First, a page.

New Perspectives on the Shared Cataloging Environment and a MARC 21 Shopping List
Martha M. Yee
This paper surveys the cataloging literature to collect problems that have been identified with the MARC 21 format. The problems are sorted into (1) problems that are not the fault of MARC 21; (2) problems that perhaps are not problems at all; (3) problems that are connected with the current shared cataloging environment; and 4) other problems with MARC 21 and vendor implementation of it. The author makes recommendations to deal with the true MARC 21 problems that remain after this analysis.
The Hybrid Conservator: Challenges in a Research Library Environment
As new preservation programs emerge, many research libraries can afford to hire only one conservation professional, a “hybrid conservator,” whose position description includes oversight of batched, mass production treatments (usually for circulating collections) and execution of single item treatments (usually for special collections). In order to determine some of the most frequent and persistent challenges facing this relatively new strain of conservation professional, an informal survey was developed and distributed to members of the American Library Association’s preservation administrators’ online discussion group (PADG). The results of this survey, albeit limited, indicate several distinct challenges facing those in hybrid conservator positions, centering on the variety of administrative duties that take time away from high-end treatment activities preferred by many conservators. This paper discusses the most pressing concerns of the respondents and proposes solutions to some of the most common challenges facing the hybrid conservator.
Zines and the Library
Richard A. Stoddart and Teresa Kiser
Zines, loosely defined as self-published magazines, provide a cultural insight to the time in which they are published, making them a genre that libraries may want to consider collecting. Due to their ephemeral nature, however, they create collecting, cataloging, and preserving challenges to libraries. Few libraries across the country have met these challenges and maintain zine collections. Although no two libraries met the challenges in the same way, their unique approaches to zine collections may inspire other librarians to investigate the appropriateness and feasibility of zine collections.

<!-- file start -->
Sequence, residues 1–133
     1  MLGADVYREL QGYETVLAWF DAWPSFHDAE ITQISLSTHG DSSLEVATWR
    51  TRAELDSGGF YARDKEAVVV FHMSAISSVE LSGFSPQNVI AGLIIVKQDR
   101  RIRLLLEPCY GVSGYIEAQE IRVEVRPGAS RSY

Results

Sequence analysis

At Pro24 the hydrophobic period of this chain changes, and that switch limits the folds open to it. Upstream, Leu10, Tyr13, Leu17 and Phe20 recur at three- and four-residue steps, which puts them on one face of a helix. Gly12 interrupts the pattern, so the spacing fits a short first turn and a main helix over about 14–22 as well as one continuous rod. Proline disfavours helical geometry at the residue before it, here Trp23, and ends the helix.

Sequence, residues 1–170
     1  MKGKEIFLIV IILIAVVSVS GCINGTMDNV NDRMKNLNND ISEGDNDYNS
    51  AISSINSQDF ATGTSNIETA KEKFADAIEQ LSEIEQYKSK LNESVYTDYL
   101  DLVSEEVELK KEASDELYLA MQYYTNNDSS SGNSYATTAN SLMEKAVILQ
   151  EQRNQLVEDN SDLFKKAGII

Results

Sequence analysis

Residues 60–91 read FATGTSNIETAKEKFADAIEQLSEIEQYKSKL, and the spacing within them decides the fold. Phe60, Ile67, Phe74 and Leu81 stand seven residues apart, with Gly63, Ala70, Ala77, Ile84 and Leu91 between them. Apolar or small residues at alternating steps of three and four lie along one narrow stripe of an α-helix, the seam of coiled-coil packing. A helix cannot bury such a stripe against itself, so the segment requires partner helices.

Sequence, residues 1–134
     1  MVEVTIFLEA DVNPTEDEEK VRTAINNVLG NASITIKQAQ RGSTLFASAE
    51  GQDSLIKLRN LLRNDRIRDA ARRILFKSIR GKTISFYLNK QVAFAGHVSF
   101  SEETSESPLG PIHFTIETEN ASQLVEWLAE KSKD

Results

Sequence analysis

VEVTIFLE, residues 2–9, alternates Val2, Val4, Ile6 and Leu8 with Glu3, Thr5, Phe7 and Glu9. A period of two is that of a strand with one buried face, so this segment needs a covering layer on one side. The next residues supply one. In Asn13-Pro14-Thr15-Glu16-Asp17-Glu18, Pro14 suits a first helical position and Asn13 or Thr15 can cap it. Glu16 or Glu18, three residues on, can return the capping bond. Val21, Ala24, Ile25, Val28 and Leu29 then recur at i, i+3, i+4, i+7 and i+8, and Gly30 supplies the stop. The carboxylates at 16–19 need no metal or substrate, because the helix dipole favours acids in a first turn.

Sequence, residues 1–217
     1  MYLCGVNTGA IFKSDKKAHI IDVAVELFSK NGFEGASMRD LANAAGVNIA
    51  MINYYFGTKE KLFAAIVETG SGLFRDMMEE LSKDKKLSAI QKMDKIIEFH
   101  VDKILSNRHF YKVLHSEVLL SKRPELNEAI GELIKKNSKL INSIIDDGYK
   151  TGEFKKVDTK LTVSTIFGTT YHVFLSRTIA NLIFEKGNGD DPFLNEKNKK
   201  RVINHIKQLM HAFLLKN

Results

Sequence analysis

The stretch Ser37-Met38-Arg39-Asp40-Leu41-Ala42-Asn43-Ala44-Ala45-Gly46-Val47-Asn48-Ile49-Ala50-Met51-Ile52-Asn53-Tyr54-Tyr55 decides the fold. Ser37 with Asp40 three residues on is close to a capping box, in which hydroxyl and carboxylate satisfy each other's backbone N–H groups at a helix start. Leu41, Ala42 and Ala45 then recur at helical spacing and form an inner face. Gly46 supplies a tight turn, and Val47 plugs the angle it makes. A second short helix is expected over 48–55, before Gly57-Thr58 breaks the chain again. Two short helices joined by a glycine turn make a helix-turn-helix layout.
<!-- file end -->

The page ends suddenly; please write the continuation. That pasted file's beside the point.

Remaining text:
Chronological Terms and Period Subdivisions in LCSH, RAMEAU, and RSWK: Development of an Integrative Model for Time Retrieval across Various Online Catalogs
After a fundamental examination of the phenomenon of time, this paper presents the history, authority, and structure of period subdivisions and chronological terms in the three subject heading languages LCSH, RAMEAU, and RSWK. Their usefulness in online searching is demonstrated using the online catalogs of the Library of Congress, the Bibliothèque nationale de France, and the Deutsche Bibliothek and is compared to the search options in selected digital encyclopedias (Encyclopaedia Britannica, Encarta, Brockhaus-Enzyklopädie). The author develops a model for common time retrieval across all three online catalogs, outlines the conditions for that model (time period code, chronological code, and chronology authority file), and proposes a search interface.
Learning from the Past
Reflection on “The Acquisitions Librarian as Change Agent in the Transition to the Electronic Library”
Over the years since Library Resources and Technical Services began publication in 1957, many fine papers have appeared in the journal. From time to time, we will republish an important paper that contributed in a significant way to the theory of the field or that identified and addressed a unique problem. These papers will be published with a new introduction that revisits the themes of the original paper. “The Acquisitions Librarian as Change Agent in the Transition to the Electronic Library,” by Ross Atkinson, first appeared in 1992 (36, no. 1 [January 1992]: 7–20). This essay received the “Best of LRTS Award” for papers published in 1992. In it, Atkinson investigated the role of the acquisitions librarian in handling new technology and proposed new functions and relationships for acquisitions within the library. We have asked Atkinson to reconsider the ideas he explored in his original paper. His new introduction proceeds the award-winning essay.—Editor
The Acquisitions Librarian as Change Agent in the Transition to the Electronic Library
All information services, regardless of the format used to convey the information, can be divided into the two fundamental categories of delivery and mediation. Delivery is the less visible but no less critical service responsible for shifting the physical information package among different locations. Delivery will become an increasingly significant—but no less invisible—function after the arrival of routine electronic publishing. Acquisitions administrators—who, along with circulation, interlibrary loan, and preservation officers, have primary responsibility for delivery in the paper-based academic library of today—need to begin planning now to expand their knowledge and responsibilities to respond to the new requirements for information delivery in the rapidly approaching age of networked information. If they can achieve such objectives, acquisitions staff will play a key role in improving the future contributions of the library to the academy.